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Meet the accidental tech founders who are now turning £8.6m

PUBLISHED: 07:00 07 November 2019 | UPDATED: 10:09 07 November 2019

(L-R) John Ellmore, director, Nic Redfern, finance director, Jason Tassie, commercial director, all of Know Your Money. Picture:

(L-R) John Ellmore, director, Nic Redfern, finance director, Jason Tassie, commercial director, all of Know Your Money. Picture:

Archant

Know Your Money was launched in 2004 by a pair of digital marketing experts who didn't realise what they had hit upon.

John Ellmore and Jason Tassie watched the rise of Google and were curious about what it could mean for their industry - launching a series of websites to see which would flourish.

Working on the project initially part-time, the pair had sites marketing everything from coupon codes to retail, as well as the relatively new concept of a price comparison site.

In 2014 Know Your Money had grown to be the most successful brand in their portfolio, and so the directors began pushing resource towards the site and hired Nic Redfern as finance director.

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The site turned over £2.6m in 2015, and within four years turned over £8.6m. As a result it caught the eye of the Sunday Times, which named it in its Tech Track 100 shortlist in 2017, as well as Deloitte, which named it a Fast Track 500 business last month.

While the founders firmly position the business as a tech company now, they didn't set out to ride the UK's FinTech investment wave which saw $1.5 billion invested in 2017.

Jason Tassie, commercial director, said: "We'd love to say it was a grand idea but that wasn't really what it was. We put some more resource behind Know Your Money and quickly realised we could really save consumers some money."

Mr Redfern said: "I think if we had the conversation about whether this was a tech firm back in 2012 we would have said it was a marketing company. Now we clearly are a tech company.

"The transition to becoming a tech company has been part of the growth curve, and getting that growth required a tech infrastructure and approach to underpin the way that we scaled."

As a result the team has heavily invested in data roles, meaning a third of their head count of 18 is now made up of these jobs.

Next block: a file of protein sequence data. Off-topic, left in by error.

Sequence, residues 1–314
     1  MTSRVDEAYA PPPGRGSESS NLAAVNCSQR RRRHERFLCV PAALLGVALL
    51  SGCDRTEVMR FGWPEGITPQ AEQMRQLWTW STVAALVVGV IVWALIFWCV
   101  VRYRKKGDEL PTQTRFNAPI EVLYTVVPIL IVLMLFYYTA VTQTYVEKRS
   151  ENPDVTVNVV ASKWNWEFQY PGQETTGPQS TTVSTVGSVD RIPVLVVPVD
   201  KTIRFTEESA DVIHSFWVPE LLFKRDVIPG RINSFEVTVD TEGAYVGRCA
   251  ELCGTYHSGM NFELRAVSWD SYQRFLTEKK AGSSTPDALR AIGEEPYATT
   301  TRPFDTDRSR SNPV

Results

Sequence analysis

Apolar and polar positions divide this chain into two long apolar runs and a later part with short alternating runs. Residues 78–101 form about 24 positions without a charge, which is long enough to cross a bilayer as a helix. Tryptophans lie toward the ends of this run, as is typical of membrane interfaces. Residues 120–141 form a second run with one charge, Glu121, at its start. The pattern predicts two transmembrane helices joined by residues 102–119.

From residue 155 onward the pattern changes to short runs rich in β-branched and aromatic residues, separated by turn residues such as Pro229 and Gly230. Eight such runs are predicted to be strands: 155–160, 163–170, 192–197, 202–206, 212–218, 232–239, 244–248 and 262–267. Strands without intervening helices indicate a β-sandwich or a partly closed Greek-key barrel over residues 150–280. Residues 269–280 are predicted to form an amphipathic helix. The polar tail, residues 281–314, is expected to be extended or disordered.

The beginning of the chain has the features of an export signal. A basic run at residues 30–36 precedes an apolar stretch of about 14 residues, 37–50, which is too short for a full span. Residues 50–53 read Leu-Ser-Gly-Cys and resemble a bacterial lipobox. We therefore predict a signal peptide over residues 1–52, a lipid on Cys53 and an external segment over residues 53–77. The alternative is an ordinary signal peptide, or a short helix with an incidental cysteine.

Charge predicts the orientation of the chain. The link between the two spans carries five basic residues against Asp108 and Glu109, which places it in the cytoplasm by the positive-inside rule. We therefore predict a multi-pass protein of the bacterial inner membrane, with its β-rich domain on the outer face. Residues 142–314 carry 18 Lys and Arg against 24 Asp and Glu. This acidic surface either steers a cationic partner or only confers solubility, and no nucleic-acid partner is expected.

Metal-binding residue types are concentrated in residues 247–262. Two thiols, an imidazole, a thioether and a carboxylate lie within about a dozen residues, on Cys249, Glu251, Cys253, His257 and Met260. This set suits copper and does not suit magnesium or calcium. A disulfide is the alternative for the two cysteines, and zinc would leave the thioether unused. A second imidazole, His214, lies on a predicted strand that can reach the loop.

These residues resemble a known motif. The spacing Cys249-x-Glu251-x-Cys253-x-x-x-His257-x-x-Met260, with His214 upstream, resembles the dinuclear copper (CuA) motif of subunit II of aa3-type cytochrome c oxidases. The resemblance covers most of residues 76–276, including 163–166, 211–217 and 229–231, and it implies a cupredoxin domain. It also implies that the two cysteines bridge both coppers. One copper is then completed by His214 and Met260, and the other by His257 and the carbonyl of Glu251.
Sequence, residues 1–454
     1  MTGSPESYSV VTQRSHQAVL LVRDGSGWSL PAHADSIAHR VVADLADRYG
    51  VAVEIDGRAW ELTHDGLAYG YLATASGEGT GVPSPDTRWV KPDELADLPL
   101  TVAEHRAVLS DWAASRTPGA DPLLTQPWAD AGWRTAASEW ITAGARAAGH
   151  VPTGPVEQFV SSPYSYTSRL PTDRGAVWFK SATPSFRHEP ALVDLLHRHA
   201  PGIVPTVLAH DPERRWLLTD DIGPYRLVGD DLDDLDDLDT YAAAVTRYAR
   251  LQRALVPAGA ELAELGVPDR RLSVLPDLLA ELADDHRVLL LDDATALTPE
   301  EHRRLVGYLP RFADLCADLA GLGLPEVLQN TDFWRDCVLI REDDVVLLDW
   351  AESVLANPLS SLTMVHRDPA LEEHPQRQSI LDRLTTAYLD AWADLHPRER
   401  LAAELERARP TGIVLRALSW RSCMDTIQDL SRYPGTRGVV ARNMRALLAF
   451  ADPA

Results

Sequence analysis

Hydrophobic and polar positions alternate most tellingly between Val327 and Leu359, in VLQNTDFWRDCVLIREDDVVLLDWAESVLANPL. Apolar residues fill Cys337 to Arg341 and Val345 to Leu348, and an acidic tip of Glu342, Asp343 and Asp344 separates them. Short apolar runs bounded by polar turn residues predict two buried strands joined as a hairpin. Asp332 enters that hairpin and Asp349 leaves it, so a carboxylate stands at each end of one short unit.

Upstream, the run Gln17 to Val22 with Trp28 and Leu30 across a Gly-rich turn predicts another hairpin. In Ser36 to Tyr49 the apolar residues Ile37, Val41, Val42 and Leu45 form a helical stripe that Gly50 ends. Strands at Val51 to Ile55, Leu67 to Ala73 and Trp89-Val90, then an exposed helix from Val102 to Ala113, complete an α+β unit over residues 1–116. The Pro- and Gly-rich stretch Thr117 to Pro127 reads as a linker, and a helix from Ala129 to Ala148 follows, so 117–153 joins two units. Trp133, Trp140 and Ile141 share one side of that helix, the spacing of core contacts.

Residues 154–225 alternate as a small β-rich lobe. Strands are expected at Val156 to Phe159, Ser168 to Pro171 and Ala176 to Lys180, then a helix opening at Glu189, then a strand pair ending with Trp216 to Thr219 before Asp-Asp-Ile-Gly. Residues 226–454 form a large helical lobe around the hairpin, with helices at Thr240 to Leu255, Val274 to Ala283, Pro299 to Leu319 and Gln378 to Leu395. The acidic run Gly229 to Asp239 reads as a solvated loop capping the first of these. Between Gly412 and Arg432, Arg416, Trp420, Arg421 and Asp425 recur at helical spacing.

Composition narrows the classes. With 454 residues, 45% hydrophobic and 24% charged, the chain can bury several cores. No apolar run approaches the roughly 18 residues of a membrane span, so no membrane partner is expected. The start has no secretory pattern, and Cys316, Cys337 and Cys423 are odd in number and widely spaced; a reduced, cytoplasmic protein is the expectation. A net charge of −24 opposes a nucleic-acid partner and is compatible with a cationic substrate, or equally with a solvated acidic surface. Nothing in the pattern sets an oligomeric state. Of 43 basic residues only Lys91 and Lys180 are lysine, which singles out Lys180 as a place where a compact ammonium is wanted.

But being a tech founder without a specifically software-focussed background has been "daunting" said director John Ellmore.

"We just had to learn on the job," Mr Ellmore said. "Once you get through those first few leaps of managing teams and bring on experienced skill sets then it really helps a lot."

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The pair have always had a DIY-approach to their business, never sourcing outside investment and instead bootstrapping it themselves.

"We've never had outside investment because we've never needed to," said Mr Tassie. "Where that does come with its pressures it means we can retain control."

Mr Redfern said that the nature of the company's investment is cyclical, one year experimenting and the next optimising on the results of the spending.

He said: "Because the business is completely organically funded it means we get growth but do it in a much more structured 
way. Spending your own money keeps you honest, you really have to understand what you're doing and the risks you're taking. You need to be prepared to pause things if it's not working and refocus on what's profitable."

Recent areas of investment include bringing in further machine learning to better direct consumer enquiries, sign-posted by Google adwords data and search terms.

Having worked at the likes of Google and (then start-up, now a £5m gifting business) BuyAGift themselves, the directors were keen not to let the tech overtake demand for their service.

"We've had an advantage with Google because of my experience working in their adwords team," said Mr Ellmore. "But sometimes we're even waiting for them to catch up."

"In my experience tech businesses struggle because 
they have an idea for a brilliant bit of tech but two or three years later they still don't have a business," Mr Redfern said. 
"Our challenge is the opposite. We know how to run a business and it has to make sense commercially. We'll never go out there and spend someone else's money to prove we can build a business."

He added: "It's business first and the tech has to be driving it forward instead of us building it and it being the other way around."

The business is not planning on expanding to new territories, with competitors like Go Compare and Compare the Market struggling to break into overseas markets due to differing consumer trends.

But when it comes to growth, the team feel that this is diversifying into more further B2B channels as well as into the consumer side of the savings comparison market.

And they plan on doing it all from Norwich.

"We don't really think about Norwich being this supposed 'backwater'. Most of the businesses that are really successful are here because they've driven their business this way and they've not done it for local reasons but because that's how it's grown," said Mr Redfern.

"There is this groundswell of tech in Norwich but a lot of the big players aren't that visible - in reality because they've got their heads down and making it work instead of spending time on visibility."

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